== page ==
Production line at Ford in Bridgend to shut for five days

By Sarah Dickins
BBC Wales economics correspondent

Image source, PA
Image caption,
Staff have been told the AJ production line will be closed for five days from 29 October

Staff at Ford's plant in Bridgend working on the new Jaguar engine have been told not to come into work for five days.

The AJ production line at the plant will shutdown from 29 October to 2 November, the GMB union confirmed.

Letters were sent to directly staff this week without informing union officials in advance.

Wales' first minister Carwyn Jones said he wanted assurances the move was only temporary.

Mr Jones, who is the AM for Bridgend, said on Twitter that he wanted to meet with Ford officials.

News of the shutdown has caused fresh anxiety for those at the plant - which is one of the biggest employers in Wales.

Last week, Ford's European boss Steven Armstrong warned a no-deal Brexit could affect the company's future in the UK.

It is understood the workers affected will still get basic pay.

Media caption,
Ford's Steven Armstrong: No-deal Brexit would be costly

Analysis: Sarah Dickins, BBC Wales economics correspondent

The timing of the shutdown is somewhat ironic - as it comes into effect on the same day as the plant begins production of its new Dragon engine for Ford cars.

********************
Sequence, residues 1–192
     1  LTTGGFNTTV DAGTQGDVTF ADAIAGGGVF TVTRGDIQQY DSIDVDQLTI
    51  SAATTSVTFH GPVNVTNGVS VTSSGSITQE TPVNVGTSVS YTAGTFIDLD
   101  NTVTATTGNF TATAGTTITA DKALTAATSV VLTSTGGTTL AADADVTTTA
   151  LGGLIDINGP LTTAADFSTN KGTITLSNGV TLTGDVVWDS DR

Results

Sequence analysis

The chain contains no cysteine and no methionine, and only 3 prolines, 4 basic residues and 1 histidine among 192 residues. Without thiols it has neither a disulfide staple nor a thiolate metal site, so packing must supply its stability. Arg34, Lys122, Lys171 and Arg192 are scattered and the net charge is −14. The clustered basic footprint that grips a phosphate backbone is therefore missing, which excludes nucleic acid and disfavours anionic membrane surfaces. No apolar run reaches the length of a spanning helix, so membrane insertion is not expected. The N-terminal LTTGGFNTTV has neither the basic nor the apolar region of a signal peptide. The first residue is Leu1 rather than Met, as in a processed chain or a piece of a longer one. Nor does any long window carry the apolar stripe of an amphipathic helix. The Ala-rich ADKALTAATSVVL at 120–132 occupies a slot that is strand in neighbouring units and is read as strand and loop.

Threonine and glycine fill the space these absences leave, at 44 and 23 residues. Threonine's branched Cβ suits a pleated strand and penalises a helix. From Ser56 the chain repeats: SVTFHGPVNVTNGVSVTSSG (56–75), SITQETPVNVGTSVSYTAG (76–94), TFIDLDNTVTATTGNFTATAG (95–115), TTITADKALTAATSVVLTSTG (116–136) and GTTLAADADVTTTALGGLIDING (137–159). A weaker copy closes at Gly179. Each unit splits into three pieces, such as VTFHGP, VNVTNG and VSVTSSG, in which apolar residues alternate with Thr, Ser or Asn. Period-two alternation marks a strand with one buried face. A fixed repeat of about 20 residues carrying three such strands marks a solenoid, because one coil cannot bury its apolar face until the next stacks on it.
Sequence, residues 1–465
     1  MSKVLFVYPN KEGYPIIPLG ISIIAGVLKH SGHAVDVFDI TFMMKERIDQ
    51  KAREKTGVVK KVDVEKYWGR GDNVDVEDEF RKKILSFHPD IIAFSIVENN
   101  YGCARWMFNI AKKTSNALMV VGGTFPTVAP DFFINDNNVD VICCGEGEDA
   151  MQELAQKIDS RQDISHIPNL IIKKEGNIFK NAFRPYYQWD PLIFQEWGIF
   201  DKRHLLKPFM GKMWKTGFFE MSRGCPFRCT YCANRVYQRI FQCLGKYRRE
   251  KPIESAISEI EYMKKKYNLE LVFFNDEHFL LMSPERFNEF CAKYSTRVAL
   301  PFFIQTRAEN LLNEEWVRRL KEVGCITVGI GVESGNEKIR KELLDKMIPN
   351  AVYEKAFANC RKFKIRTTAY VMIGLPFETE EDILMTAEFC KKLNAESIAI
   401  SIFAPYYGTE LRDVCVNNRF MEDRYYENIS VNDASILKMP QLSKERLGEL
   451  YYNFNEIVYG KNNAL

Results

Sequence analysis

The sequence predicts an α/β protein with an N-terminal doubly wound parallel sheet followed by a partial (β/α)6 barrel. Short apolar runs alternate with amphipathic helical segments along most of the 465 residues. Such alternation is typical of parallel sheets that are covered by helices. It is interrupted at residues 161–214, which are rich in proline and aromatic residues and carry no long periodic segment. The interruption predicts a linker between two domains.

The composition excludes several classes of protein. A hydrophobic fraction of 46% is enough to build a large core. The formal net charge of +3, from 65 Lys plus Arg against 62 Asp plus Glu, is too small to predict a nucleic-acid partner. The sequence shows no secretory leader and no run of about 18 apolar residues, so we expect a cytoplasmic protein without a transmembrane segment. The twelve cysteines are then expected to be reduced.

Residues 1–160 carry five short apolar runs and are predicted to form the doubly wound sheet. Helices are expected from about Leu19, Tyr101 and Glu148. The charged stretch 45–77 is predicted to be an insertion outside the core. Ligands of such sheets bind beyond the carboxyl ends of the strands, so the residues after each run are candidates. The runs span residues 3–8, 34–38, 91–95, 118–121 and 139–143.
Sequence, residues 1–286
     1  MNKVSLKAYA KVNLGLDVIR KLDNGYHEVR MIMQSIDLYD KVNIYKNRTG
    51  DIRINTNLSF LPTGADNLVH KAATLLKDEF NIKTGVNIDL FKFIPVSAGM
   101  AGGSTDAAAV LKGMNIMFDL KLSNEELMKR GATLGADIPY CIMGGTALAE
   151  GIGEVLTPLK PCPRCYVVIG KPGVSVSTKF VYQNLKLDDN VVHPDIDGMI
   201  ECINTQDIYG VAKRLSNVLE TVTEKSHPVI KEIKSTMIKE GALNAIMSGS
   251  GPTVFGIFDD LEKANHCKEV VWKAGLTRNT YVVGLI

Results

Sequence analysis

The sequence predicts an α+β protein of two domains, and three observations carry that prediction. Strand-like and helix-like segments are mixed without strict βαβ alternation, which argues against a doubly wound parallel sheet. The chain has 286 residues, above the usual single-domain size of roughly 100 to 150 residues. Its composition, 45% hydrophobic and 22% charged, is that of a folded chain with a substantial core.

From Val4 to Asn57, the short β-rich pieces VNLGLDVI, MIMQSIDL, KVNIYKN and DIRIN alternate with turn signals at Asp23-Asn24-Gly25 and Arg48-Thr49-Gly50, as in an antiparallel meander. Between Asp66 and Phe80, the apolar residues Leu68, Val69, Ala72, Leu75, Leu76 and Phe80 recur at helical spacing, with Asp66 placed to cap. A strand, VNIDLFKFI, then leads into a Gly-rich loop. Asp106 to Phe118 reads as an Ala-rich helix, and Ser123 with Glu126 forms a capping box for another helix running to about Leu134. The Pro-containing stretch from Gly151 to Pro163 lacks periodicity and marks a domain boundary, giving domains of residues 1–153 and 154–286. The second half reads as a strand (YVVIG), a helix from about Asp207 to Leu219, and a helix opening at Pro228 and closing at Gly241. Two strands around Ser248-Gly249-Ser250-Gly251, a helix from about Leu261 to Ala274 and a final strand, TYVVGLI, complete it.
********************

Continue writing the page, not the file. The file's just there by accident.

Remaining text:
Investment in that new engine for Ford was welcomed, but there has been concern about the long-term viability of the plant.

The dragon programme will only be producing a quarter of the engines that the Bridgend plant has been making until now.

The latest move comes at a time when the automotive components sector starts to feel the impact of cuts in production by big car makers.

Jaguar Land Rover (JLR), owned by Tata Group, announced cuts in production at its plants in Solihull, Halewood and Castle Bromwich. As a result there is less demand for the parts that go into the cars.

The company has blamed falling demand in China and also "Dieselgate" - the UK government's change of policy on diesel cars and the subsequent fall in sales of diesel vehicles.

At the same time, car makers are becoming increasingly vocal about their fears about the possible effect of Brexit on the industry.

BMW said in September it would stop producing its minis at Cowley in Oxford for a month when the UK leaves the EU.

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